Blog Single

National Aptitude Test in Architecture (NATA) is one of the toughest examinations that you will face in your life and preparing for it has to begin early. Not everyone can clear it, but if you have a genuine passion and aptitude for creating something big, there is no career more rewarding and satisfying than that of being an architect. So, let us see how we can try and crack it methodically.

NATA tests the aptitude of the candidate using some or all of the following techniques:

 •  Diagrammatic Reasoning – Tests the ability of logical reasoning, using diagrams and scenarios.

 •  Numerical Reasoning – Tests mathematical ability through simple problems.

 •  Verbal Reasoning – Assesses the ability to assess verbal logic.

 •  Inductive Reasoning – Tests the ability to see patterns and analyse given data.

 •  Situational Judgment – Tests problem-solving ability.

 •  Logical Reasoning – Tests ability to recognise patterns, sequences between shapes and imagery.

 •  Abstract Reasoning – Will assess general knowledge, and ability to utilise knowledge in new situations.        

The numerical tests are designed to measure the inherent ability to process the complexity of data presented, within time constraints. This puts pressure on the student for performing to a competitive standard making them a challenging, often nerve-wracking experience. So, how can you ace your numerical reasoning tests? Here are some simple tips.

Know your math

In addition to the ability to work quickly and accurately with percentages, ratios, fractions and decimals brush up on the addition, subtraction, multiplication, division and conversion of these number representations.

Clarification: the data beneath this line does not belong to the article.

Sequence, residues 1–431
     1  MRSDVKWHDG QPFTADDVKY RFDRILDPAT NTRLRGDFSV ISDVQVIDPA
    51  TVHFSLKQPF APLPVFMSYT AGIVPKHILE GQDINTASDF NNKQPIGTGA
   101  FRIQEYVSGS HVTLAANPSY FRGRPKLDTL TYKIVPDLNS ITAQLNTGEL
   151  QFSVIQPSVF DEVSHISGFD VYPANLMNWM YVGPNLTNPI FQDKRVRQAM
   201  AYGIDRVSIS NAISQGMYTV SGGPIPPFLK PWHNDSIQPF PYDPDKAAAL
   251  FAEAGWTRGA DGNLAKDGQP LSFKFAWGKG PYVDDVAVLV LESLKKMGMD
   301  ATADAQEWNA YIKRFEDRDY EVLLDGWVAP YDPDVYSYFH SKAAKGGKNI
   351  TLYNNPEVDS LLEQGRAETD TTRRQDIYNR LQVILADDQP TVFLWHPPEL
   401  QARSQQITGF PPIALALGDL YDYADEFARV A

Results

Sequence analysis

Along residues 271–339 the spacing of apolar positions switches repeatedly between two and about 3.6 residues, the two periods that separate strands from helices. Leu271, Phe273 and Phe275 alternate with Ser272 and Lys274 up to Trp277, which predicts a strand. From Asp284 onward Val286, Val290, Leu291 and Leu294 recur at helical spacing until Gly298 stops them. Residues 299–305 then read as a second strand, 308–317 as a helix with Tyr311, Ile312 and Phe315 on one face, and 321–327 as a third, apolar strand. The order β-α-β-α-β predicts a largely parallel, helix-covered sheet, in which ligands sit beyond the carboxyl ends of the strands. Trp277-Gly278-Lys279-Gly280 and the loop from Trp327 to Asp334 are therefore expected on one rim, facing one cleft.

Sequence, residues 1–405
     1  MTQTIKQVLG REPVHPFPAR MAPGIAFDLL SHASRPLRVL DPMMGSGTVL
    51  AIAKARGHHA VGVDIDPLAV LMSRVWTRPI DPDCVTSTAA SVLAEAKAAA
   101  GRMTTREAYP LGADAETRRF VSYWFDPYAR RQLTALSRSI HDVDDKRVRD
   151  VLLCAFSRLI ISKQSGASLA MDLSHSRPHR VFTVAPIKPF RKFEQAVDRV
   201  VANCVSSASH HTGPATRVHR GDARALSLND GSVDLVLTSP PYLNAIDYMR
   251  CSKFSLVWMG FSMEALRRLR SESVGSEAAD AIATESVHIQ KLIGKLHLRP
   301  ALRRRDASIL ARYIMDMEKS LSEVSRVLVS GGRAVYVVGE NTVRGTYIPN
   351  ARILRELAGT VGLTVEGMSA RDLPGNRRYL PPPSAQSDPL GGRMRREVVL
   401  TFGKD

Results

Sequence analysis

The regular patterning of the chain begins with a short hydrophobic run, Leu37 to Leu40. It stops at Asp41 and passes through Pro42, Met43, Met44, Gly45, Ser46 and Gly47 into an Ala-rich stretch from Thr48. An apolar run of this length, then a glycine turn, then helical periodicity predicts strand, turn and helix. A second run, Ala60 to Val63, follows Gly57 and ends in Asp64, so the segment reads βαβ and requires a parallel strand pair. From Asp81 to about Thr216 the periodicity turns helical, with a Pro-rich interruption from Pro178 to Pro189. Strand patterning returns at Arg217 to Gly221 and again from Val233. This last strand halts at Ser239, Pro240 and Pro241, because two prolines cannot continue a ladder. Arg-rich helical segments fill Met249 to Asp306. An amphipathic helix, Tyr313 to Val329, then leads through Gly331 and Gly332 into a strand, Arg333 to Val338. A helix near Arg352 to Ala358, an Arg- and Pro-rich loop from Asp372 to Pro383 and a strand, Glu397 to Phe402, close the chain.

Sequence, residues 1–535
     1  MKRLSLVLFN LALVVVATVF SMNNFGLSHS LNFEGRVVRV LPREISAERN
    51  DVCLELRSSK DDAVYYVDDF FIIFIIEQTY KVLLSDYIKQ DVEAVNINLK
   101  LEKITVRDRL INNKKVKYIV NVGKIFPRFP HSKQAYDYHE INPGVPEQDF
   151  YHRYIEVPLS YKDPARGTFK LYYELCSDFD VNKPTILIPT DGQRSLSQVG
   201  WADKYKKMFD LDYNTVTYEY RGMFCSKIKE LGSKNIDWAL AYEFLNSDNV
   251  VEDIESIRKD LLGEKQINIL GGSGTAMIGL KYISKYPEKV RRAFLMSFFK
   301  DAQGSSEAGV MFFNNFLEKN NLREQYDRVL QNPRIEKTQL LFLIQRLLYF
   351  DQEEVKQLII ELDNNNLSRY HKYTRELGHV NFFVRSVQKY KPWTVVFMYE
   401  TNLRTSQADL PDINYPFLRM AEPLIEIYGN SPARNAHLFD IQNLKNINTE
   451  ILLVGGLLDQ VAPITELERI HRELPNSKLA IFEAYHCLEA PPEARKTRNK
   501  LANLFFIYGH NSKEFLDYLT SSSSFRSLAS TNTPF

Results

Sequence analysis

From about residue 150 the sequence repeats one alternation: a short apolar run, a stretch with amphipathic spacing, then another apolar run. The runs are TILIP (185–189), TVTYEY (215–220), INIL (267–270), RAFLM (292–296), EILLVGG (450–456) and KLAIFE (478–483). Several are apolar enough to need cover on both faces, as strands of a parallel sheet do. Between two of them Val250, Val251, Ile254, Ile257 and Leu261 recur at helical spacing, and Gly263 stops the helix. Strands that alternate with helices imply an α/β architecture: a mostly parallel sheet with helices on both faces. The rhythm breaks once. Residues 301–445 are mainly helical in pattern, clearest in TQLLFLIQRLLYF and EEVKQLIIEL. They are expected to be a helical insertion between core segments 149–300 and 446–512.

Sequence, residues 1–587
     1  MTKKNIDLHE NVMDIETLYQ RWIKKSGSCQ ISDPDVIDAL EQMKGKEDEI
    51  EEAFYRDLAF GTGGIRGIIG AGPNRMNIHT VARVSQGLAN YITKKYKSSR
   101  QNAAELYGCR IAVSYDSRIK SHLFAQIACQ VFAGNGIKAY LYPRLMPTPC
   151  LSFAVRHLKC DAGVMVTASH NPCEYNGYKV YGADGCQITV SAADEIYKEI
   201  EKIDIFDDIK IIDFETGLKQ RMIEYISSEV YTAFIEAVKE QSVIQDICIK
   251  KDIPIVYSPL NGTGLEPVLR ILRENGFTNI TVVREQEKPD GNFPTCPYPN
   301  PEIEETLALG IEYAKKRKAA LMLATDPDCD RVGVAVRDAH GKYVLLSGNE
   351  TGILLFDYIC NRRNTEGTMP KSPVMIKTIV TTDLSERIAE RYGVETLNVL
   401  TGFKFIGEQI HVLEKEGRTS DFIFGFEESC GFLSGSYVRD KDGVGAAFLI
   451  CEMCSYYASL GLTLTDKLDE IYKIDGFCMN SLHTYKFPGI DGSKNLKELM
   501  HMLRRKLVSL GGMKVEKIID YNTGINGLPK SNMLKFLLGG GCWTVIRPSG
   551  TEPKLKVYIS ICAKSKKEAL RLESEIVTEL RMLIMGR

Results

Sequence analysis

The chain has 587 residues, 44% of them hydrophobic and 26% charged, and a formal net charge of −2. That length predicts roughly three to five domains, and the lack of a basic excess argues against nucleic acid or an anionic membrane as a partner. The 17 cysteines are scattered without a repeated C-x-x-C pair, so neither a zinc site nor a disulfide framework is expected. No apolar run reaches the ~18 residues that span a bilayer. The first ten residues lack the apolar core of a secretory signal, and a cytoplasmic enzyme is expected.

The devil is in the details

When working under time restrictions, it can be tempting to take a quick-fire approach, scanning questions in a race to answer as many as possible. Do not do that. Do not miss vital information. Concentrate on the details while keeping a tab on the clock!

Watch out for distractors

Numerical reasoning tests have a beguiling way of testing your concentration. Spotting and cracking these are important.

Move on, return

Remember, you are on the clock! If you are taking a long time to crack a problem, leave it, you can return to it once you are sure you have taken the required number of questions. There will be time to go back to the vexing problem at a later stage.

Keep a steady pace

While accuracy is the key, speed is of essence too. When you practice, keep a check on the clock that will help you at the exams too.

At SDS NATA we support you by providing all the help you need.